The Risk Diagram can be elaborated immediately after step 3, as illustrated in Figure 1. We can use some Total Quality Control (TQC) techniques, such as the Ishikawa Diagram, and Brainstorming to prepare the Risk Diagram. From the visual point of view, the Risk Diagram offers a hierarchical representation, with the macro objective at the top followed by the risk effects and risk causes. In order to link with the concepts of FMEA, the risk to be avoided in step 1 is related to the Failure Mode, i.e. the manner in which a failure is observed (PALADY, 1997). Similar to FMEA, the effects listed in step 2 represent the consequences an individual or a set of risks has on the operation of a specific item. In order to identify these factors, the team must recognize the process in the following manner: "if this risk happens, then that effect will occur" (CARBONNE and TIPPETT, 2004). The underlying risks listed in the step 3 can be interpreted as failure causes, which are the reasons for failure (US MILITARY STANDARD 1629A, 1980).
The Risk Evaluation Matrix explores the risks for each group by assigning values to: severity, probability of occurrence and detection of each risk (see Figure 2). The multiplication of these three values leads to the risk index, which is similar to FMEA's RPN (CARBONNE and TIPPETT, 2004). To avoid bias, we recommend the involvement of more than one person in the process of assigning values.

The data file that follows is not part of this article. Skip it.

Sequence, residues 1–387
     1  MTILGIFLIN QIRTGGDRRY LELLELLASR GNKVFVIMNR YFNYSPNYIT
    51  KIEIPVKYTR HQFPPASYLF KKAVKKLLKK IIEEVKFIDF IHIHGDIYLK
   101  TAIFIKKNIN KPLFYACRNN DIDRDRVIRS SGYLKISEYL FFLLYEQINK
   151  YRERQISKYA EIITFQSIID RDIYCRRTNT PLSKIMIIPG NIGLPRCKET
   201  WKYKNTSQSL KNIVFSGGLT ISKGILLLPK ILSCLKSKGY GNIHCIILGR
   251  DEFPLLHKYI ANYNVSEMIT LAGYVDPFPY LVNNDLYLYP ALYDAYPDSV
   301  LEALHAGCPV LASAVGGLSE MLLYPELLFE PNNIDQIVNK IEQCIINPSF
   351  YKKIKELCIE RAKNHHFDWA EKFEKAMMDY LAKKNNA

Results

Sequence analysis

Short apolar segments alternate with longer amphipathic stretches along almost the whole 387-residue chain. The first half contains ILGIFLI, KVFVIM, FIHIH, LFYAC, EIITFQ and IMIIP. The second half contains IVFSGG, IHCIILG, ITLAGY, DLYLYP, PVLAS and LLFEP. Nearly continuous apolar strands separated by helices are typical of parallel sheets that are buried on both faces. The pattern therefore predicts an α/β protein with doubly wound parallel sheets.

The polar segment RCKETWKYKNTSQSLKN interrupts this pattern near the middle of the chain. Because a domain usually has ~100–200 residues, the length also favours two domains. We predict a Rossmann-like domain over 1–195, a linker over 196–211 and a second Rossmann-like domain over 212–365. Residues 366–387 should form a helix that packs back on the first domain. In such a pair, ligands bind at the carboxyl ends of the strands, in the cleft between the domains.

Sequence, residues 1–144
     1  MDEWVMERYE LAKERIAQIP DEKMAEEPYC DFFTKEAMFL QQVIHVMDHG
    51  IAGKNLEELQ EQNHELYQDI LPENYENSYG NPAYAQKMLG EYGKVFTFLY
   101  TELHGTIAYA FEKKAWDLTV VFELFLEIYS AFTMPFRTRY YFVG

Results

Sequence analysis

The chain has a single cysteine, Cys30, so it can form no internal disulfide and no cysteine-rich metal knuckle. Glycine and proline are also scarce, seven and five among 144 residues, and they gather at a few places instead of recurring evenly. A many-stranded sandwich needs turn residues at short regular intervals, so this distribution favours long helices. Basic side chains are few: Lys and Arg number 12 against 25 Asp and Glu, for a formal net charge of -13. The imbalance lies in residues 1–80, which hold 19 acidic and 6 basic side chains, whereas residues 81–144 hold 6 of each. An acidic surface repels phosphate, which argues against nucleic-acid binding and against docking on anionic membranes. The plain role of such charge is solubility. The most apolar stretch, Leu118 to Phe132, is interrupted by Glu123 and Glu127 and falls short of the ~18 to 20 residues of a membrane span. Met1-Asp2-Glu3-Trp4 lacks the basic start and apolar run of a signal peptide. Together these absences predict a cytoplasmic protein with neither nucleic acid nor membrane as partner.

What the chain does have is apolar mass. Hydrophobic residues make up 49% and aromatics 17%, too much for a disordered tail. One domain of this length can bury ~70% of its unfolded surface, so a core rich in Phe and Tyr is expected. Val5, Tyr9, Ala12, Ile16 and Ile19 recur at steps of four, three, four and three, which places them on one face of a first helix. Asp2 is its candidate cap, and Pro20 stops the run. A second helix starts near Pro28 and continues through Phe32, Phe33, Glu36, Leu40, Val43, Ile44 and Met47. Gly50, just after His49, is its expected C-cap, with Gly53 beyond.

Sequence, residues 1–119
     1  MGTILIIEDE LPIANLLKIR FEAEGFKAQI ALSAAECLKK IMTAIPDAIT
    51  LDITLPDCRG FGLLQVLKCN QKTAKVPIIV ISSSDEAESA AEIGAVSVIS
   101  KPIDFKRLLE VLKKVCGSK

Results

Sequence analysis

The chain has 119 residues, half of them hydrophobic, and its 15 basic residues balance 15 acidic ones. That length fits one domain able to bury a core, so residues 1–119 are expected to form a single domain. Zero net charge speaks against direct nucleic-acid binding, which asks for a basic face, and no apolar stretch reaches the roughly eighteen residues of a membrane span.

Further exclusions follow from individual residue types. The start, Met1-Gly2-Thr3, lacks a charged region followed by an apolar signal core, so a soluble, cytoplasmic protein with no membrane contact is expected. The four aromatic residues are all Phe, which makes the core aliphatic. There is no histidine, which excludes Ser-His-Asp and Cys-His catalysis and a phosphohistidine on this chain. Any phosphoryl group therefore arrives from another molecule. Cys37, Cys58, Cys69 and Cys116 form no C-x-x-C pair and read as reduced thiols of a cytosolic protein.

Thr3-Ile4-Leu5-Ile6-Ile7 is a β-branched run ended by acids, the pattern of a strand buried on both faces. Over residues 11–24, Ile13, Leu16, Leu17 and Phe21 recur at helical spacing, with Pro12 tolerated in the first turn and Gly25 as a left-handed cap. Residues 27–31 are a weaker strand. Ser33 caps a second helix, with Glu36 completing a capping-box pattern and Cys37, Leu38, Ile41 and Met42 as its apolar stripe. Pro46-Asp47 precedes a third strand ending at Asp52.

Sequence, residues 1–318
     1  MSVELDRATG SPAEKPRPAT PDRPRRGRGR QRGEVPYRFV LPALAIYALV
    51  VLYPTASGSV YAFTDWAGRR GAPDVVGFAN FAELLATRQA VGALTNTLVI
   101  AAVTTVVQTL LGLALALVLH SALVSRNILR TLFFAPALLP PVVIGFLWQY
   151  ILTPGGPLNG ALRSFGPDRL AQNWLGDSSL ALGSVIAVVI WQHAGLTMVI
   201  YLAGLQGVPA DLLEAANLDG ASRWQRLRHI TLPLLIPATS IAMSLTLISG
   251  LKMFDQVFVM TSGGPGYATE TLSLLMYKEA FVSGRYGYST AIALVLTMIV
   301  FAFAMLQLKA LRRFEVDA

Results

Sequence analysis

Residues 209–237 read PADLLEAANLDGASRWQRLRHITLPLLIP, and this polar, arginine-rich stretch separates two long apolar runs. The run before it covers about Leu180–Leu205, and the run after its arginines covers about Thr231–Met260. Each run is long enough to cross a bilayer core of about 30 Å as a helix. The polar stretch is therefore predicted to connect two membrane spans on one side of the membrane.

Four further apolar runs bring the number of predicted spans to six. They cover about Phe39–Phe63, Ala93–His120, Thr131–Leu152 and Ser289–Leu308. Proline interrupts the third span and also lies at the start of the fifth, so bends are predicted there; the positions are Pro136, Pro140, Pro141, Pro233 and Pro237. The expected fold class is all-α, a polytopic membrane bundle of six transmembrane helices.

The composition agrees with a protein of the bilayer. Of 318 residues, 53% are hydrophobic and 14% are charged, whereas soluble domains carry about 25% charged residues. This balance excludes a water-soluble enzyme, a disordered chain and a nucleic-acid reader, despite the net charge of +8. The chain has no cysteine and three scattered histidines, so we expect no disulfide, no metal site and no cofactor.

In our model, we assume the principles of the RPN (Risk Priority Number) technique, which ranks the severity of a failure effect, the probability of the failure-mode occurrence and the probability of the failure being detected on a numeric scale from 1 to 10 (SANKAR and PRABHU, 2001).
In our model, we also consider that the severity dimension captures the consequence of a certain failure mode and that the occurrence is related to the likelihood that a cause will create the failure associated with those effects (PALADY, 1997). In the same vein, we assume that the detection dimension concerns the ability of foreseeing the risk event (either failure mode or failure cause) in time to plan for a contingency and act upon the risk (CARBONNE and TIPPETT, 2004).
After obtaining the risk index (RPN), we can rank them from the highest value to the lowest in order to help establish strategies to address the several types of risks. In practice, for each risk we can choose different strategies using the guidelines from PMI: avoidance, transference, and mitigation for negative risks. On the other hand, three other responses to deal with potentially positive impacts are suggested: exploit, share and enhance. The acceptance option can be adopted in both cases, either negative or positive (PMI, 2004).
According to the scope of the chosen strategy, we can list the possible actions to be adopted. At the end of step 10, an action list can be created, as illustrated in Figure 3.
4) RESULTS AND DISCUSSION
As previously mentioned, we adopt two steps for assessing the consistency of our model. First, we execute a sort of gap analysis between the suggested model and PMBOK's chapter on risk management (PMI, 2004, Chapter 11). Then we apply our risk management tool to a real case study.
4.1) Gap Analysis between the suggested Model and PMBOK's Model of Risk Management